Winthrop University survey finds little support for a Graham White House bid, even among Republicans
♦By Rich Shumate, Chickenfriedpolitics.com editor
SPARTANBURG, South Carolina (CFP) — Most South Carolinians say they do not want their senior U.S. senator, Lindsey Graham, to seek the Republican presidential nomination in 2016, according a new poll.
A Winthrop University survey released March 4 found more than 60 percent of state residents opposed to Graham running for the White House, with just 28 percent saying they thought the senator’s candidacy was a good idea.
Among self-identified Republicans and those who lean Republican, 34 percent thought Graham should run, while 57 percent were opposed.
The poll of 1,109 residents of the Palmetto State had a margin of error of plus or minus 3 percentage points.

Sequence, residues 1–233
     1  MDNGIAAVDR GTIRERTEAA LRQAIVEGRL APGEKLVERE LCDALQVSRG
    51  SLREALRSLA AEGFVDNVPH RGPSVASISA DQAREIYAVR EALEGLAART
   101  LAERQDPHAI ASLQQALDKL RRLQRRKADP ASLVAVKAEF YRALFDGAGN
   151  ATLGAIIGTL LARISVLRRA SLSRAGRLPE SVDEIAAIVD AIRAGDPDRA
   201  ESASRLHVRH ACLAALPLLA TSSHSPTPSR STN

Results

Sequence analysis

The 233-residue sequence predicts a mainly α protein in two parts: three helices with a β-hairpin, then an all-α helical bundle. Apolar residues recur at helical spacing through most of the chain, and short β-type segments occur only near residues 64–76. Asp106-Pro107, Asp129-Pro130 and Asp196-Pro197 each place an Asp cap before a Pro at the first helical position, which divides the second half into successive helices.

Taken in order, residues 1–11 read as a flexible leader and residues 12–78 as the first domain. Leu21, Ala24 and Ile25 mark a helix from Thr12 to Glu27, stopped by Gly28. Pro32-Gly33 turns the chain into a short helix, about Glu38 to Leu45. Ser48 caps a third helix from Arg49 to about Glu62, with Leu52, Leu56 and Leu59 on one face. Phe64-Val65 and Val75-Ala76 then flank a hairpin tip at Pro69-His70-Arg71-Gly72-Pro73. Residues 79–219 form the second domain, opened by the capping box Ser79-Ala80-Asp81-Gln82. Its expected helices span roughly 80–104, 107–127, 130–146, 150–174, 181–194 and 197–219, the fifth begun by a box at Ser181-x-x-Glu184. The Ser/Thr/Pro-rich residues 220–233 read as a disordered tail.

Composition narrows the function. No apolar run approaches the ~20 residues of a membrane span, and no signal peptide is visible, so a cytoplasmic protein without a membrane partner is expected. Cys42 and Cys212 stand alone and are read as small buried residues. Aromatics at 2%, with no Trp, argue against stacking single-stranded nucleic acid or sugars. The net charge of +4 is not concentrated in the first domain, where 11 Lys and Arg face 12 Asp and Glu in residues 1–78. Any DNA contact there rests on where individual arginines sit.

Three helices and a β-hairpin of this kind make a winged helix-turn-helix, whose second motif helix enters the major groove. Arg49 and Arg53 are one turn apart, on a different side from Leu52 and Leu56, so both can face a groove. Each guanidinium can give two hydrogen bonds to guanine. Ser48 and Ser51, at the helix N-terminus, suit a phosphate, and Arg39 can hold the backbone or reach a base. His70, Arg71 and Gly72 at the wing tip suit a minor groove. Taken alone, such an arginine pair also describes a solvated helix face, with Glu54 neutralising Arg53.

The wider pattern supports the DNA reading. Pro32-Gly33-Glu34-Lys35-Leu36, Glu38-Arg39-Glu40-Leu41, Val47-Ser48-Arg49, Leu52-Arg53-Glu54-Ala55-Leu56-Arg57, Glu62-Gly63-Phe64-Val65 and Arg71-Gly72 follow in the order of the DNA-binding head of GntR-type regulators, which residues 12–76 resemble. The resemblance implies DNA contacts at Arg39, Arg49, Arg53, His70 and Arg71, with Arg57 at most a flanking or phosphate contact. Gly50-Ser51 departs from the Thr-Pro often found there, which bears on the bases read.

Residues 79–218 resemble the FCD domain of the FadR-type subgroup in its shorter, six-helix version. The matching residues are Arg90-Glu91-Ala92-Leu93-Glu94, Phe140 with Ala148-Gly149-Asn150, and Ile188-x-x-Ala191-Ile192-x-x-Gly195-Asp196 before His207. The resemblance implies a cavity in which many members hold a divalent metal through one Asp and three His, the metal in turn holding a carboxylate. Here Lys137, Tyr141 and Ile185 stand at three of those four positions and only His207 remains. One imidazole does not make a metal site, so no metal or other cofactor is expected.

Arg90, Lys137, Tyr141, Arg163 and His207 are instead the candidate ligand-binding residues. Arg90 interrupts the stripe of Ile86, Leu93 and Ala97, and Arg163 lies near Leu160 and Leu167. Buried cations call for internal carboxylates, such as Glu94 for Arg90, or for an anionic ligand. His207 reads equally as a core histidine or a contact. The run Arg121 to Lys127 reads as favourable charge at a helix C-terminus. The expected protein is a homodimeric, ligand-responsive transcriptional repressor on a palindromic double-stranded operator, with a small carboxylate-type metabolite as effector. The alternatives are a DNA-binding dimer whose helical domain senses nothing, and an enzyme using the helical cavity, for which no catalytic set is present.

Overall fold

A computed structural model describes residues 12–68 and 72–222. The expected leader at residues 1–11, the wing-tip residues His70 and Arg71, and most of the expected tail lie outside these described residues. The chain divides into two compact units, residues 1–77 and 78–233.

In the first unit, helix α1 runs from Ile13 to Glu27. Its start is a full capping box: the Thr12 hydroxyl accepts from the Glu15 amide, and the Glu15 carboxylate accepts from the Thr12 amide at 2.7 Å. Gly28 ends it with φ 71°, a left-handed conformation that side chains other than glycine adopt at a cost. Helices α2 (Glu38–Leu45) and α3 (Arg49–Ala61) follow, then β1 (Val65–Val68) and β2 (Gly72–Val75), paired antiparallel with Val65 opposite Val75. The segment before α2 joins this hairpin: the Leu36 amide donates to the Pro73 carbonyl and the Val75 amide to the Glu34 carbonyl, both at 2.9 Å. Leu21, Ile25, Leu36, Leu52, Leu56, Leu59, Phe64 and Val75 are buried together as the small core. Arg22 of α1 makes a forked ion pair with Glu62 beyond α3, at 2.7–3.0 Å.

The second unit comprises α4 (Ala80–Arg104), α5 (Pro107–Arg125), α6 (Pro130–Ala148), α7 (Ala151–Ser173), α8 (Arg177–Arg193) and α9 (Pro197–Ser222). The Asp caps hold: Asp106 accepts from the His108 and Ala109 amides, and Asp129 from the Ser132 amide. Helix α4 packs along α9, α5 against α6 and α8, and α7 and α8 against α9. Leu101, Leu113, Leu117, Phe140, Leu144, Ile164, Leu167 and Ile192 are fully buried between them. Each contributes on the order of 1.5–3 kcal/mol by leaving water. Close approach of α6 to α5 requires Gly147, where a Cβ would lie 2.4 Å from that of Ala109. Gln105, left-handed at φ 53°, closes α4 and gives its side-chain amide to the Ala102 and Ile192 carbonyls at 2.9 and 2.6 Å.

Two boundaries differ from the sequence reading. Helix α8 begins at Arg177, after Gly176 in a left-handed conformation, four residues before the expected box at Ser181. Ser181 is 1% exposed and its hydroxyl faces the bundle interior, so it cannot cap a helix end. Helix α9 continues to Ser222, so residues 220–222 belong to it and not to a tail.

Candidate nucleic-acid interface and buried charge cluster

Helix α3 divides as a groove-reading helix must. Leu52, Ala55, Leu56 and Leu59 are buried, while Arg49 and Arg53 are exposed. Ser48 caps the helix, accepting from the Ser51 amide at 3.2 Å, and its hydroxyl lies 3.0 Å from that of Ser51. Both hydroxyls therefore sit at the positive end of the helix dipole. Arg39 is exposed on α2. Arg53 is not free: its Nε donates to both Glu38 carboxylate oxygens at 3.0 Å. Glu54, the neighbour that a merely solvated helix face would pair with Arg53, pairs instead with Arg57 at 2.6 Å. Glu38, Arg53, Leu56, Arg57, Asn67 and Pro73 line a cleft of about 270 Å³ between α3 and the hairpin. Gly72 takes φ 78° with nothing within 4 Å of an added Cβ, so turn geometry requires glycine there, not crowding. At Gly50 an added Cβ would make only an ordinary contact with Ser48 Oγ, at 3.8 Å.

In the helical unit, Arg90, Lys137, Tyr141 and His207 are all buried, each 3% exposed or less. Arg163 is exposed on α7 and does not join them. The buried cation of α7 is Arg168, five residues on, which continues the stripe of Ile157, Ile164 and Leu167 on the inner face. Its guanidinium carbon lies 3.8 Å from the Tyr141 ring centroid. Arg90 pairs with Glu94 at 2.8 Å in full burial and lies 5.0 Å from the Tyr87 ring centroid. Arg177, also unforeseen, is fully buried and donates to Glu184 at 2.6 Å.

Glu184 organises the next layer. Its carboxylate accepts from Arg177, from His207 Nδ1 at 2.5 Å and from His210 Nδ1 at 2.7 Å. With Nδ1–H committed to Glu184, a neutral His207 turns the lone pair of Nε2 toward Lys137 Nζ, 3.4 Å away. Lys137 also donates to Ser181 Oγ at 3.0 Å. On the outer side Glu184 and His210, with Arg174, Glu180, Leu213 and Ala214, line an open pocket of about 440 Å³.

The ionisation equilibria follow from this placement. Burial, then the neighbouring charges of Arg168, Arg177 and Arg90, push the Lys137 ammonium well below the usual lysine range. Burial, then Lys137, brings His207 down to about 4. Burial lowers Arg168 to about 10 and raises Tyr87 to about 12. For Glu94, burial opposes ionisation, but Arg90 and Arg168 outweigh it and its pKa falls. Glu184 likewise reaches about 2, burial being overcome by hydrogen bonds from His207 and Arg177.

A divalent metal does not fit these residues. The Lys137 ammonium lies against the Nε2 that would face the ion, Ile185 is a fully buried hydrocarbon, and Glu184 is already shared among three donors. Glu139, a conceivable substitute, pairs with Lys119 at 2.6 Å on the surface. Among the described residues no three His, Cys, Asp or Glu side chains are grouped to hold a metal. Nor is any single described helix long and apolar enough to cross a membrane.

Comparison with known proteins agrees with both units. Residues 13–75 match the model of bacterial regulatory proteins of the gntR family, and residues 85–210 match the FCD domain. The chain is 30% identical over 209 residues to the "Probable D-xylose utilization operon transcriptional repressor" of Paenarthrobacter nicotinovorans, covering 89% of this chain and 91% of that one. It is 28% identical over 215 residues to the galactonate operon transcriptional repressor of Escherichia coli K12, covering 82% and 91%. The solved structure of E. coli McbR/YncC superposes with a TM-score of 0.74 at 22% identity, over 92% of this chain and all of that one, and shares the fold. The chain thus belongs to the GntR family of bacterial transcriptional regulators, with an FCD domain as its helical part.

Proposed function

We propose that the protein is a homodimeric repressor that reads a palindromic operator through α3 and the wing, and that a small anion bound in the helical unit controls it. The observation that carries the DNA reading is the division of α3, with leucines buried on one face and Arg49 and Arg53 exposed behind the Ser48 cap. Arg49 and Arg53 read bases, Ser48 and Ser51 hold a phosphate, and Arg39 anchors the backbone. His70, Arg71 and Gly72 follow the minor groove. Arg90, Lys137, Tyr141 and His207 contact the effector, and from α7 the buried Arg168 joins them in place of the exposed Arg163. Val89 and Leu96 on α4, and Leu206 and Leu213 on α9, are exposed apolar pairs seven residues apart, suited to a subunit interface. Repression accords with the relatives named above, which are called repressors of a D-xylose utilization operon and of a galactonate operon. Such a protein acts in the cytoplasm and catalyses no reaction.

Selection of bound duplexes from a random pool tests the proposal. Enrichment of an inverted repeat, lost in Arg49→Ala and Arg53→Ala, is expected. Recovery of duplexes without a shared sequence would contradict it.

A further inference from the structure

Graham, 59, elected to his third term in the Senate last November, launched a presidential exploratory committee in January, saying that was seriously considering running for president on a national security platform.
If he runs, he would be a favorite son in the key South Carolina primary, scheduled for February 2016, which is traditionally the first primary held in the South.
Graham is one of nine Southerners — eight Republicans and one Democrat — considering a White House bid in 2016.
Among the potential Southern GOP candidates are former governors Jeb Bush of Florida, Mike Huckabee of Arkansas and Rick Perry of Texas; U.S. Senators Rand Paul of Kentucky, Ted Cruz of Texas and Marco Rubio of Florida; and Governor Bobby Jindal of Louisiana.
On the Democratic side, former U.S. Senator Jim Webb of Virginia has already launched an exploratory committee for the 2016 Democratic presidential nomination — a race that’s expected to be dominated by former Secretary of State Hillary Clinton, a former first lady of Arkansas.